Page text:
Water democracy versus privatisation in Tamil Nadu

Back in Tamil Nadu, we visit Palangarai, a rural panchayat (village) that has benefited tremendously from the democratisation process undertaken by TWAD, the state water company (see also the entries of 24 and 26 April). Before the start of the reform process, the 14,000 inhabitants of Palangarai suffered from very serious water scarcity, resulting in water riots each summer. Similar to Ramaiyanali village (which we visited at the beginning of the tour), a group of TWAD engineers had 30-40 meetings with the villagers in an attempt to build trust and consult with the water users about sustainable, low-cost solutions to the water problems.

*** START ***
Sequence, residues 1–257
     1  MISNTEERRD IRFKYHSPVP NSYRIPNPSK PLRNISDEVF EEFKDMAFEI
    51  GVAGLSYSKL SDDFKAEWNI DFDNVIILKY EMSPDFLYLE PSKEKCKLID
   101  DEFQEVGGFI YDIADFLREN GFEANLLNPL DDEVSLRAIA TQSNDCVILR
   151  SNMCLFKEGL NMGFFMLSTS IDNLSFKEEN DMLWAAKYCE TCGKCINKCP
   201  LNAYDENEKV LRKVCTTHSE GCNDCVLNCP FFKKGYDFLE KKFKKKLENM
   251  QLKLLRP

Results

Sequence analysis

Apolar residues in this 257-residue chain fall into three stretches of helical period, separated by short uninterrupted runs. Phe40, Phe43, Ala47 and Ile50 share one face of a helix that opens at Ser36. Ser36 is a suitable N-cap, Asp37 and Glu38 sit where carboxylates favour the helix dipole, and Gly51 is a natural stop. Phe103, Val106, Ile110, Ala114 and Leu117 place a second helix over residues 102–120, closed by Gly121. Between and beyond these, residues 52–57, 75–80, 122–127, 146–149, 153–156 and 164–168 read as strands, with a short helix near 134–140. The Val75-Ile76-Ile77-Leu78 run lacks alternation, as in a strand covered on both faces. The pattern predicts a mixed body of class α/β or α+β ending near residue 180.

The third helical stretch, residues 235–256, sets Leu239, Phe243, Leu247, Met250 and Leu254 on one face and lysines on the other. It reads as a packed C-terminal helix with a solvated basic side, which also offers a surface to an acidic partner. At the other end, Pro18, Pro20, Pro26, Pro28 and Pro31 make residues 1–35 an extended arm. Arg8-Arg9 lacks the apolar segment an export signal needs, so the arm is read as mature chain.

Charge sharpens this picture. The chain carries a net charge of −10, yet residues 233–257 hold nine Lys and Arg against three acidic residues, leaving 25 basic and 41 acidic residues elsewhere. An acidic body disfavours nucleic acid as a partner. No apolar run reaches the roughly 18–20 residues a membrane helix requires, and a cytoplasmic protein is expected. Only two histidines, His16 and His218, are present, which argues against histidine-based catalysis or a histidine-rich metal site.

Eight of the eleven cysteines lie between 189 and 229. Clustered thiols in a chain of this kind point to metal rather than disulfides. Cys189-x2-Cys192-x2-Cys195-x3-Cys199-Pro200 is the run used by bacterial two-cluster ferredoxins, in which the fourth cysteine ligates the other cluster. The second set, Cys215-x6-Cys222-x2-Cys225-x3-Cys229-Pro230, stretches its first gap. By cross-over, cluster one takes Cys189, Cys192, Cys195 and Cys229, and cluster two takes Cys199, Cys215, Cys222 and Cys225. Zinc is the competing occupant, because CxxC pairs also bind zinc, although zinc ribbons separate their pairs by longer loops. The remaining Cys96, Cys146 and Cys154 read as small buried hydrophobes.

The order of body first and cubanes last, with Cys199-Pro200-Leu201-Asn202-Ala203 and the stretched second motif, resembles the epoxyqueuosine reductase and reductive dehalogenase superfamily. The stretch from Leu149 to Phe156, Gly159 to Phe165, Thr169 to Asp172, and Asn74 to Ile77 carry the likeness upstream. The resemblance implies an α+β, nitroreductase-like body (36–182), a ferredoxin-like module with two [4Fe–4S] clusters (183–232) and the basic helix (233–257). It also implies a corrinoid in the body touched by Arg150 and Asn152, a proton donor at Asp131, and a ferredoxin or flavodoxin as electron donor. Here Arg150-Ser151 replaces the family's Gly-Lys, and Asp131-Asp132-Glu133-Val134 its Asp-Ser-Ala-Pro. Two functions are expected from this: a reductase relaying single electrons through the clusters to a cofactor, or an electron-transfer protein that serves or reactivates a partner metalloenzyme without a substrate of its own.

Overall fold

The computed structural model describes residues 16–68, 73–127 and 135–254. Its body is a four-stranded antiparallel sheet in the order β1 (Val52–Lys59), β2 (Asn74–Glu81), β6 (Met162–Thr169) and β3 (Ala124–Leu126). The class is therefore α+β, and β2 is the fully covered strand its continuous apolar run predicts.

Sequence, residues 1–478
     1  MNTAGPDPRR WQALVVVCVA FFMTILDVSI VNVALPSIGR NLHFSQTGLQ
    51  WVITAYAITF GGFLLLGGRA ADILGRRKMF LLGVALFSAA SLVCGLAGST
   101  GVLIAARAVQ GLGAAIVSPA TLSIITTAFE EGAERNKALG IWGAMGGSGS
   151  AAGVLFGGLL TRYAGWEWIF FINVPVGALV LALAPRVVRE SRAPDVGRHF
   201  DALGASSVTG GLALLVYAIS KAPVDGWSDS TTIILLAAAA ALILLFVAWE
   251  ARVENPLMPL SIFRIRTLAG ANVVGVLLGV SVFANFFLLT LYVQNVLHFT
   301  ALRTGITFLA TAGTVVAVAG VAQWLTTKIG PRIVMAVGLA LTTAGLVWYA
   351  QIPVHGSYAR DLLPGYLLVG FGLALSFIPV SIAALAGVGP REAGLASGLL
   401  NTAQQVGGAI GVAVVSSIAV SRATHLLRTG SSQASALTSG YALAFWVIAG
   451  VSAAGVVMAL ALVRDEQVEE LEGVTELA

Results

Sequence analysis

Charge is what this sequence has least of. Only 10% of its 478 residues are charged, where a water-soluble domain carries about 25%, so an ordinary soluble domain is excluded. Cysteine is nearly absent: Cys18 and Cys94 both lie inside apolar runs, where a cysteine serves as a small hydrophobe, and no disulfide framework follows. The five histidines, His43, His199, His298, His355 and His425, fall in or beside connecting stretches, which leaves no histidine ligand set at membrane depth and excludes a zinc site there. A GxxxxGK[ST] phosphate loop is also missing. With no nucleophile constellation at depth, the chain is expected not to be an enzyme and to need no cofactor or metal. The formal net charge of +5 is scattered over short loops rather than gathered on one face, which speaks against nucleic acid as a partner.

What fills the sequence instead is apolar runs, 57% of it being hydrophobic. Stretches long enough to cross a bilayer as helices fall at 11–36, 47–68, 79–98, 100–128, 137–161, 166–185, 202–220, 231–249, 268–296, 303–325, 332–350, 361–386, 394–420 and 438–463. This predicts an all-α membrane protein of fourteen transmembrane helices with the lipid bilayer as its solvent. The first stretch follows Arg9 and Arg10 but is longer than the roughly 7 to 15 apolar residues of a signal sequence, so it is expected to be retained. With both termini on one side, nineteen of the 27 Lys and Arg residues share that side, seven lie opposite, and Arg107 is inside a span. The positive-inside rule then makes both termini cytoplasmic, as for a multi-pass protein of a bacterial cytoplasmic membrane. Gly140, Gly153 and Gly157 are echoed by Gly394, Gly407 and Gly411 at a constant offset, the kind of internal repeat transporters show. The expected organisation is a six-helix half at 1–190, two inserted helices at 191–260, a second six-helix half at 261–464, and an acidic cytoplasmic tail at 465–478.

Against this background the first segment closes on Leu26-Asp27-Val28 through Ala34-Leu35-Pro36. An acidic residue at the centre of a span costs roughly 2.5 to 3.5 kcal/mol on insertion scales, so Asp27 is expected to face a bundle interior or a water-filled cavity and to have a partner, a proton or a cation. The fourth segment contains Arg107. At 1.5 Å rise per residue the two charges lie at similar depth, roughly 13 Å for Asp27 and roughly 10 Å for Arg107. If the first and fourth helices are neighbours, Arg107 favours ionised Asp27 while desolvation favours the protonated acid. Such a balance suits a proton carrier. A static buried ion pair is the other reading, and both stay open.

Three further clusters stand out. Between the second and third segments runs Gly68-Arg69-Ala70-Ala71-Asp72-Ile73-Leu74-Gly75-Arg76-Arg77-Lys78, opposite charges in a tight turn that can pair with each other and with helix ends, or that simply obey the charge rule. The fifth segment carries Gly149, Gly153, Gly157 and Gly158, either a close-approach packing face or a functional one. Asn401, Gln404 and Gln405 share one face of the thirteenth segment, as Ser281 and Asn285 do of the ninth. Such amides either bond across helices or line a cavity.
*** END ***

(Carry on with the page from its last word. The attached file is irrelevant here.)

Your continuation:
Out of this came a model in which the villagers feel genuine ownership over the water systems and a strong awareness about the need to save water. The users pay a low fee for water, made possible by reducing electricity costs for pumping. The collection rate is 100%. Out of the fees, the village employs its own pump master. Transparency around the finances of the water system also helps secure trust: the villagers have the right of inspection of the book-keeping at the mayor’s office. Whereas water supply was previously very irregular and moreover unequal, today the whole village has adequate access to water and sanitation, including the dalit and indigenous population. After the successful improvements in water and sanitation, many other new projects have emerged in the village, including the planting of more than 7,000 trees.